It was with some reluctance that we took our leave of the Treanor family. Patsy Brady, excelling in his role of tour-guide and chauffeur to the O’Sullivans, had arranged a meeting on Sunday morning with well-known local history and ancestry expert Theo McMahon, whose work was familiar to Fergan.  Theo presented Fergan with
Cuimhneachán (the 1966 publication of County Monaghan’s celebration of the Easter Rising) and a 2004 Clogher Record featuring a comprehensive article on the Rose Estate, whose properties contained the townland of Cornagilta.  By special request from the O’Sullivans a return visit was made to the heritage cottage in Drumdart where many photographs were taken.
From two o’clock on Sunday afternoon the O’Sullivans and the MSAS committee were the guests of Mary and Patrick Rafferty and family.  A splendid meal was served by Mary and her daughters, Denise and Andrea, and the visitors asked many questions on Patrick’s farming activities.  So convivial was the company that it was half-past six o’clock before the hospitality concluded.  The O’Sullivans were effusive in their expression of gratitude to the Rafferty family for their kindness and hospitality and thanked MSAS for a not-to-be-forgotten week-end.  They had extended their stay until Monday morning when they departed Monaghan for a mid-week rendezvous (courtesy of Patsy Brady) with Bus Éireann officials in conjunction with the launch of six  buses featuring images of six women who took part in the Rising.  On Saturday they joined four thousand others for the 1916 Relatives’ Event (Ócáid do Ghaolta Lucht 1916 ), hosted by the Irish Government, when the National Folk Orchestra presented the specially commissioned Macalla 1916 suite of music composed and conducted by Michael Rooney, Scotstown and Sligo.  The O’Sullivans are continuing their tour of Ireland and Scotland before their early-April return to Australia.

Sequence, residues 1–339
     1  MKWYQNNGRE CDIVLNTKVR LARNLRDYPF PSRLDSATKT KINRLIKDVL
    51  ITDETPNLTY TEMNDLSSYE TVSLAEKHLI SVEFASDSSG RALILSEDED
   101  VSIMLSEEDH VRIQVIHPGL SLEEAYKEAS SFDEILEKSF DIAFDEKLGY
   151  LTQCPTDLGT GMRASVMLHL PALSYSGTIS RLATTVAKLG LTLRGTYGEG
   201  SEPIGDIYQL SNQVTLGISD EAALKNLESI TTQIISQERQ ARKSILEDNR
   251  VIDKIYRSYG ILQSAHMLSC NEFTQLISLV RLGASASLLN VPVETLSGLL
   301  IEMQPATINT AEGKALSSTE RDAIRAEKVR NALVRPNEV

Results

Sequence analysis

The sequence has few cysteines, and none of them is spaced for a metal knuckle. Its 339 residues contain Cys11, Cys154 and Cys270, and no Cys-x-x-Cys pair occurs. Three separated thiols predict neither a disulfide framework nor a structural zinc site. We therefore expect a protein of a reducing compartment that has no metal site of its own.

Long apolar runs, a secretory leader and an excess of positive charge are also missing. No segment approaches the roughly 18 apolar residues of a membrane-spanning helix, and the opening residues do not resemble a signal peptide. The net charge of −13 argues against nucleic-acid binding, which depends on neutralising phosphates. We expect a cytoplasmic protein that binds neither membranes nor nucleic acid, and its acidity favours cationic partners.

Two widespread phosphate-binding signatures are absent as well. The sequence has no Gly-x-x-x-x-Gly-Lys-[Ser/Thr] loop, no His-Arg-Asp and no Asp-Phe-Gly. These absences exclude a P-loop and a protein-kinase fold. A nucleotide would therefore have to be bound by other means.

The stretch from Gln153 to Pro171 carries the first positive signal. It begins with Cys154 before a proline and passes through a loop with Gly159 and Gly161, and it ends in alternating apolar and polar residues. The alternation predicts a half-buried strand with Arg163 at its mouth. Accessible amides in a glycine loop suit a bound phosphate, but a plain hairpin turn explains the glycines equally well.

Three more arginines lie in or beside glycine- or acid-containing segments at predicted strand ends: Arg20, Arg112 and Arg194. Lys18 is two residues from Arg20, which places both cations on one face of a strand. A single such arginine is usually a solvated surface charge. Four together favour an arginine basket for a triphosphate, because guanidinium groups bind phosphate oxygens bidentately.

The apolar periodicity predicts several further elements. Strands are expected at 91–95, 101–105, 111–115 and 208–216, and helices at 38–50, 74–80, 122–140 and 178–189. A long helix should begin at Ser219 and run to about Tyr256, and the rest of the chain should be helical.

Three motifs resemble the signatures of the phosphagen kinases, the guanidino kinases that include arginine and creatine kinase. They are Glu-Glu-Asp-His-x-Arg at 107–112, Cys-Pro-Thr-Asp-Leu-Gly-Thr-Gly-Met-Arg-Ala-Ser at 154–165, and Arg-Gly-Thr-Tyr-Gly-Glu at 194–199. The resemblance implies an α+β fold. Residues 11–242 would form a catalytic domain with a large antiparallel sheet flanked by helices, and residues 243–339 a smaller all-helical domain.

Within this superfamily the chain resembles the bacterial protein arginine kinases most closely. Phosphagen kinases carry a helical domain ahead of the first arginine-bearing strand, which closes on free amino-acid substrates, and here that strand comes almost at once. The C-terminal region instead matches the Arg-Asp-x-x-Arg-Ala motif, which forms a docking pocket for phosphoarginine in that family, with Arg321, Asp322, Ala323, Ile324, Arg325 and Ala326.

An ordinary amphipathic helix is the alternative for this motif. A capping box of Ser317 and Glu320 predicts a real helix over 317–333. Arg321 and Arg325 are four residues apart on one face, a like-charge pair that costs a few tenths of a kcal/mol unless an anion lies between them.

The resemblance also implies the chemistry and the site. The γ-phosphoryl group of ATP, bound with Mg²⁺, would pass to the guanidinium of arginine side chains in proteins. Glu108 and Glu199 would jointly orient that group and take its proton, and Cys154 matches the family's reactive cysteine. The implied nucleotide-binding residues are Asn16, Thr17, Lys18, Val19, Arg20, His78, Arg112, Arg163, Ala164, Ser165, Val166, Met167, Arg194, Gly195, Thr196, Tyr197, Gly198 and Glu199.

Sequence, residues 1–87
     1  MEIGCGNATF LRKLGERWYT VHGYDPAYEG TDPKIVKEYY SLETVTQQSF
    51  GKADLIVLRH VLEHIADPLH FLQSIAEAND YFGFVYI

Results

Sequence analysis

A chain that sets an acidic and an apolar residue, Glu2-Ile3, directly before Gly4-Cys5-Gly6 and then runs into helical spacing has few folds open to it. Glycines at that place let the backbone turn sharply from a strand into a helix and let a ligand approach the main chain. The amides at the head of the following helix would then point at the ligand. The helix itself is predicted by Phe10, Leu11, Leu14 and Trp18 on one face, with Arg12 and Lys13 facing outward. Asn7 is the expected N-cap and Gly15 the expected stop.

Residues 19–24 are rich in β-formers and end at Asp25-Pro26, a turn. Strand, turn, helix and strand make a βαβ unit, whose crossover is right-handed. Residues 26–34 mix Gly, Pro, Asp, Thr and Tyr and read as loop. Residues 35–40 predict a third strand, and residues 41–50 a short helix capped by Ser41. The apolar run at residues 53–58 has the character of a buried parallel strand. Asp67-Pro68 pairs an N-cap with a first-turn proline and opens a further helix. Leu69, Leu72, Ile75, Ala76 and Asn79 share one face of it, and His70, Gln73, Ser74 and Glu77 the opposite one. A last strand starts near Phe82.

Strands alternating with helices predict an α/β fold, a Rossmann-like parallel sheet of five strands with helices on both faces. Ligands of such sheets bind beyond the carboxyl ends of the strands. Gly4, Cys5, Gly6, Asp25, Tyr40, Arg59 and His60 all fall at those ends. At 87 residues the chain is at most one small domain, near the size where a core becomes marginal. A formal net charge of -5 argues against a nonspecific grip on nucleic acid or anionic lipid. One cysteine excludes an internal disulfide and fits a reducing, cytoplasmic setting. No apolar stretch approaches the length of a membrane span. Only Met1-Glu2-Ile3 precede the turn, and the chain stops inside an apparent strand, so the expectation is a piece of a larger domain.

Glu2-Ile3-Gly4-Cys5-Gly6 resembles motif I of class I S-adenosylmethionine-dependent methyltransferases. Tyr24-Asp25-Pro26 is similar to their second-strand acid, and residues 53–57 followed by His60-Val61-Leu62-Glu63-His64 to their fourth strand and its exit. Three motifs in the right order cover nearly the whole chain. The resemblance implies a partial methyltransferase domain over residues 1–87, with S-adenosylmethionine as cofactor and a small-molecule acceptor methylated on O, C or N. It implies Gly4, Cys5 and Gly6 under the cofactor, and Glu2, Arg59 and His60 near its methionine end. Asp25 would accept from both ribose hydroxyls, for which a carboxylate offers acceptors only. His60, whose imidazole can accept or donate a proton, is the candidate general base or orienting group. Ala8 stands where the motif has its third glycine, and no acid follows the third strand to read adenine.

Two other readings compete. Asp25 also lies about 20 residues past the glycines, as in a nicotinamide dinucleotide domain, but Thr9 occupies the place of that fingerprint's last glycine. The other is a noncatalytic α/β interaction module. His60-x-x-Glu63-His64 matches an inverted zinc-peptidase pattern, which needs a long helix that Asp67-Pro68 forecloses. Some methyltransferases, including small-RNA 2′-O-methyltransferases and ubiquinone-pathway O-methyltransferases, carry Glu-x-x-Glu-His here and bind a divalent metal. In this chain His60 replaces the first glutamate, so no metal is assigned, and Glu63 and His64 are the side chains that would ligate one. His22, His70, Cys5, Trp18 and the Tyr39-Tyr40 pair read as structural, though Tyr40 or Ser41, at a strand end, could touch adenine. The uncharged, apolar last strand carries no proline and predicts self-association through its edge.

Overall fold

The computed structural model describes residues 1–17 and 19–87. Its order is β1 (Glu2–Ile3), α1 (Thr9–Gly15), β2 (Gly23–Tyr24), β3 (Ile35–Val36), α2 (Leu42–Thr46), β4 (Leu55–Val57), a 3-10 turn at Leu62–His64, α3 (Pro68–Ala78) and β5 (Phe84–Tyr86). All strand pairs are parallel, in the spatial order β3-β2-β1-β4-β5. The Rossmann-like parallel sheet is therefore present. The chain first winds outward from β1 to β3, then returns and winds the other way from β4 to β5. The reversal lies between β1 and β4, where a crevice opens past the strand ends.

Report of the visit received from MSAS.

Fergan O'Sullivan.mp3

Click on the image to the right here to hear a short clip of my chat with Fergan.

1916 Nearer Home

Margaret Skinnider’s 88 Year-old Nephew thrilled with Monaghan Welcome

Some months ago the North-Monaghan-based Margaret Skinnider Appreciation Society (MSAS) used the services of website to highlight up-coming events on their 1916 Centenary programme.  Imagine their exhilaration when they received an email from Margaret Skinnider’s nephew, Australia-based Fergan O’Sullivan.  He had been browsing the web in respect of references to his aunt in the nationwide commemorative programme when he accessed and the email address of MSAS.  Subsequent correspondence with MSAS and a jointly-agreed week-end itinerary (18th-21st March) confirmed his determination to be in Ireland and County Monaghan to commemorate Glasgow-born Margaret Skinnider’s part in the seminal deeds of Easter Week one hundred years ago


Naming of Roundabout ...... HERE

Margaret Skinnider Cycle ...  HERE

Plague Unveiled .... HERE

M. Skinnider Concert ....  HERE

Margaret Skinnider Song .... HERE

Book Launch HERE

Dublin Book Launch .. HERE

Presentation to Mary Rafferty .. HERE